Peter Wood: Debating Same-Sex Marriage


In this week’s Chronicle of Higher Education, President of the National Association of Scholars Peter Wood writes:

…The debate over gay marriage ought to be considered one of the central social issues of our time, and indeed for many Americans—left and right—it is. It deals with a question of basic social relations within and between generations and I find it perfectly sensible that advocates and critics of gay marriage should both see it as a matter of urgent concern. The perspective that seems less sensible to me is the one which dismisses the controversy as a bore or nuisance: the idea that when it comes to marriage, all we are talking about are private choices that are no one’s business other than the parties directly involved. That’s an atomistic view of society. Marriage, whatever else it is, is a social institution. People marry because it means something beyond a private choice, and we have good reason to concern ourselves with that broader meaning.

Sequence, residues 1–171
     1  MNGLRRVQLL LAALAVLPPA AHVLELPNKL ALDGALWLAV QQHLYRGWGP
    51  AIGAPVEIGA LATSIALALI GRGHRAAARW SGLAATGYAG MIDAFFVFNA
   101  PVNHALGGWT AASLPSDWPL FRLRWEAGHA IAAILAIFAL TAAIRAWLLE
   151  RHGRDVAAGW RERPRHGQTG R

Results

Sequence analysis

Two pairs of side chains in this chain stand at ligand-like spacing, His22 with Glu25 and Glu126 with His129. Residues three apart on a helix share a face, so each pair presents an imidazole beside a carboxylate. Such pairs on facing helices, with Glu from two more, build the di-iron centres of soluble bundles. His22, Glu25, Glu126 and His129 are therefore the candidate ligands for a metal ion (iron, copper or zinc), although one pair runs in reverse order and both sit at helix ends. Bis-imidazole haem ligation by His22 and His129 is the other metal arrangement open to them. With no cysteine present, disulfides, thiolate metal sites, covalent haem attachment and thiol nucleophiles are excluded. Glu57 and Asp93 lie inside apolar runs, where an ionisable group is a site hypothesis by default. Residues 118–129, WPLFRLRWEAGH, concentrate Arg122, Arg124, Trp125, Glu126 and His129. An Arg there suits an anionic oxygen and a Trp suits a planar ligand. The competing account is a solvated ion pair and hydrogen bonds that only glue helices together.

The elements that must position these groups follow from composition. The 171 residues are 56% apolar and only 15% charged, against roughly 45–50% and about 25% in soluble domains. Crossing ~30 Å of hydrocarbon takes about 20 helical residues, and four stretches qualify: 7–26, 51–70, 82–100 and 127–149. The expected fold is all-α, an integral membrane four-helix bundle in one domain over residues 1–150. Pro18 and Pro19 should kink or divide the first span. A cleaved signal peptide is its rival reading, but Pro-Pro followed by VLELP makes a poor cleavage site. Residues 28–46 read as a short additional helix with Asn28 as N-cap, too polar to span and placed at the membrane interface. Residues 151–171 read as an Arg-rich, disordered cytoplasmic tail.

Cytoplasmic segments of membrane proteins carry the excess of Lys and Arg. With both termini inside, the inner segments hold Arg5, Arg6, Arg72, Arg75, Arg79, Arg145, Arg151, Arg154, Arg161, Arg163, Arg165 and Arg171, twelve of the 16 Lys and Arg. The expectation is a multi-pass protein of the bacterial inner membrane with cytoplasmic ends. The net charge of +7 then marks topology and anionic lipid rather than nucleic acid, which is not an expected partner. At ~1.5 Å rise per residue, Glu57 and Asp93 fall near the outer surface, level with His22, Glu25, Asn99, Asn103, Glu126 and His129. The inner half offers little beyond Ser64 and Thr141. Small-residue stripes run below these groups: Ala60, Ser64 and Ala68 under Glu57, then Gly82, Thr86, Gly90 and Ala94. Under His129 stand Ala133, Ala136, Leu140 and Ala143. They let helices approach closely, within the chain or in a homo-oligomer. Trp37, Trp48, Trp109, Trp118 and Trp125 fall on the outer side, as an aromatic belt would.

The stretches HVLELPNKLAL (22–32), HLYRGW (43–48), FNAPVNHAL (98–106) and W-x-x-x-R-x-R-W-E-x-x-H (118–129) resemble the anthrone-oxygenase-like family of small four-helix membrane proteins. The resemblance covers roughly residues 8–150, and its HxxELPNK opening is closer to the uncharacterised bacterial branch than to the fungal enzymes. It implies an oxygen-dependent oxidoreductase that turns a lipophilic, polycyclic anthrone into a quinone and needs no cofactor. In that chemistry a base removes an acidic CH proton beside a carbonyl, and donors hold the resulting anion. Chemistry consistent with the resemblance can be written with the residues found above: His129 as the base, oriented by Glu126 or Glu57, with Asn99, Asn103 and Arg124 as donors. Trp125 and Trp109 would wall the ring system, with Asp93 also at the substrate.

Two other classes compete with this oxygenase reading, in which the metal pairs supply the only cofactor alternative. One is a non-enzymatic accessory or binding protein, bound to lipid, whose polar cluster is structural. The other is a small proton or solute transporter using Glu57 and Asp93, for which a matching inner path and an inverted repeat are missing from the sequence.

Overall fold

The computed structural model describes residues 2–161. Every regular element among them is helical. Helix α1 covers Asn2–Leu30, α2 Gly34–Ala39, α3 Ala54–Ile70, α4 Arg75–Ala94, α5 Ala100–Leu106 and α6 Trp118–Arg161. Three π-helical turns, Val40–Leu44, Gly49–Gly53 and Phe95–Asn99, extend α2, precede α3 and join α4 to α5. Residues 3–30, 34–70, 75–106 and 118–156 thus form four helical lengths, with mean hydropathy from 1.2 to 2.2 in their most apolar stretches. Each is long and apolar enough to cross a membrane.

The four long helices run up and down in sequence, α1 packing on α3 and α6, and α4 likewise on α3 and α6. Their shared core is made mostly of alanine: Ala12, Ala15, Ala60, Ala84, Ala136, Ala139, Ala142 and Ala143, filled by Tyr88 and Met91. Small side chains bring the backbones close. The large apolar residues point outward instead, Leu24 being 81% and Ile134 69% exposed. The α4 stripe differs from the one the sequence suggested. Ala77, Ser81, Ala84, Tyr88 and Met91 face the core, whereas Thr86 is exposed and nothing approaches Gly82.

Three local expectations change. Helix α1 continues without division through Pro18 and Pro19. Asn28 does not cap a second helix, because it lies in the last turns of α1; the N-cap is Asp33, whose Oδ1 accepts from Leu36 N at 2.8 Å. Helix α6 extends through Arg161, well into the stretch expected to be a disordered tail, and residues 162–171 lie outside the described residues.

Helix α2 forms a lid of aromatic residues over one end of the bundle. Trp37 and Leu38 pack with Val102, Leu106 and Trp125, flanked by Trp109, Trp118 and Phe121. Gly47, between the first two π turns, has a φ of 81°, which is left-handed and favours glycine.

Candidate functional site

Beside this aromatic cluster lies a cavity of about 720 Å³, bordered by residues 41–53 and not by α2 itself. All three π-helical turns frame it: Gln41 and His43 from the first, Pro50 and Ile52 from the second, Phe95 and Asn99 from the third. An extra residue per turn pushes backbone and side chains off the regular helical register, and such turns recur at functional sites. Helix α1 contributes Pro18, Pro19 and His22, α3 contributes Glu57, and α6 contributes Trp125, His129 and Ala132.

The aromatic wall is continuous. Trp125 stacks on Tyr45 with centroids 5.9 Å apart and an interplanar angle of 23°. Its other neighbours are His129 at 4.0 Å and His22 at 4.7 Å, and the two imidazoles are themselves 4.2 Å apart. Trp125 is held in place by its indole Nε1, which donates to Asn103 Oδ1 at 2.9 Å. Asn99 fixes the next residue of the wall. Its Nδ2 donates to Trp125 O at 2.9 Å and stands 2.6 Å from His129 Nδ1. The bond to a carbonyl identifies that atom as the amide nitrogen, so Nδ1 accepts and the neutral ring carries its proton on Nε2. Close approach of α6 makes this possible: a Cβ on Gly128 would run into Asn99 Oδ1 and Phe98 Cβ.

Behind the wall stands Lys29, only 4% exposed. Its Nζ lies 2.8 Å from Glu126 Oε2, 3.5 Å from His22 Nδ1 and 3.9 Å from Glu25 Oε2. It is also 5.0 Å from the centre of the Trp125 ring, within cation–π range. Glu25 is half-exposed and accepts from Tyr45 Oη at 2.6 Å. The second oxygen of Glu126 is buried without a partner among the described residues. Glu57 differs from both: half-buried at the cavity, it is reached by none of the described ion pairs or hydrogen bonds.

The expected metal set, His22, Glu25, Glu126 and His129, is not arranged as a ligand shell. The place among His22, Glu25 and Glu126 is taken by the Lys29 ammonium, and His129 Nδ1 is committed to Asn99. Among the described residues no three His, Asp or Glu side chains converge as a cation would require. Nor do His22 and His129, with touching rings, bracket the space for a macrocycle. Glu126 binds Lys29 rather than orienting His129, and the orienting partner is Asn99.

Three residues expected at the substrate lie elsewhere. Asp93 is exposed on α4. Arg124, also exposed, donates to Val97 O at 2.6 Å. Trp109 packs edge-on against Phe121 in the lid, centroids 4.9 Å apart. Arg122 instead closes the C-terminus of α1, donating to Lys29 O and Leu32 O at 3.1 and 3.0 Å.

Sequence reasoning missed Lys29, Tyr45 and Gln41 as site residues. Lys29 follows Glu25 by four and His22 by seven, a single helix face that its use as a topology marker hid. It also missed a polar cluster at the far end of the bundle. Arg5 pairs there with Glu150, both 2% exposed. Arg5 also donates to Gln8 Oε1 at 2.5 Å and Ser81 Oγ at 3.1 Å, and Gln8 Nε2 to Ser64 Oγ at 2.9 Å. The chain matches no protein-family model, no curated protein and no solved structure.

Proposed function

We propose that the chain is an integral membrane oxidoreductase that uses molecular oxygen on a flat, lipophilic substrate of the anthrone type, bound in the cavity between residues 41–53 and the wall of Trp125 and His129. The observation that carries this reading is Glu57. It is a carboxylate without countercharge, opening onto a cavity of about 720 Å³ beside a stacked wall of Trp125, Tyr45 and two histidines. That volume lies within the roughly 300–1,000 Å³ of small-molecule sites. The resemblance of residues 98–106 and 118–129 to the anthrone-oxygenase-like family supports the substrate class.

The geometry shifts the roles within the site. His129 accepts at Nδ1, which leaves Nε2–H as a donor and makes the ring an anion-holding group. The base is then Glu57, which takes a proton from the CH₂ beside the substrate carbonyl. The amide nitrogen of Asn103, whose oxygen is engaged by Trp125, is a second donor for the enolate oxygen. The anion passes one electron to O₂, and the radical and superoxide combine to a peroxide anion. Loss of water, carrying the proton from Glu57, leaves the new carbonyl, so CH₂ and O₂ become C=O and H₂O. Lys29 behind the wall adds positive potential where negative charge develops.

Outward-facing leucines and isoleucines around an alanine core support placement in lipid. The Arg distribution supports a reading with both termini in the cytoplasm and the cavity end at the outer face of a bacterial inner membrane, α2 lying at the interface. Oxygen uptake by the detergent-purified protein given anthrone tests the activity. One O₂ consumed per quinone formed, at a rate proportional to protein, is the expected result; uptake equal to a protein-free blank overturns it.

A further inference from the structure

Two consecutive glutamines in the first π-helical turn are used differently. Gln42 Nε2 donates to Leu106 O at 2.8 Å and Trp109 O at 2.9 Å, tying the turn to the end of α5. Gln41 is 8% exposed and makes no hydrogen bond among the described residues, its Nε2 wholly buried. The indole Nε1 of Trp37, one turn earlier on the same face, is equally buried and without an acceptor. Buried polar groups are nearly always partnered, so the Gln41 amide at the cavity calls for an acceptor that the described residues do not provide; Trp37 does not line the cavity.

One might think on that basis that higher education would be at the epicenter of the debate—that we could turn to the university to hear both sides (or all sides) making their best case.  Unfortunately that’s not how it has worked out.  Rather, the academic discussion has been dominated by those who view gay marriage as a civil rights issue. Those who argue against gay marriage haven’t been entirely silenced, but you have to look pretty hard for their words. One source is Lynn Wardle’s edited volume, What’s the Harm? Does Legalizing Same-Sex Marriage Really Harm Individuals, Families, or Society? (2008) which gathers together arguments on both sides.  The unusual thing in this book is the inclusion of academics who dissent, on more or less conservative grounds, from the prevailing pro-gay marriage position. David Blankenhorn’s The Future of Marriage (2007) offers the most extended liberal critique of gay marriage position, and Blankenhorn was notably the star expert witness who spoke in defense of Proposition 8 in last year’s trial.

The voices of dissenting academics are underrepresented in this conversation, mostly because dissenters know that they will be subject to pretty extreme verbal abuse if they speak up. [Continue reading]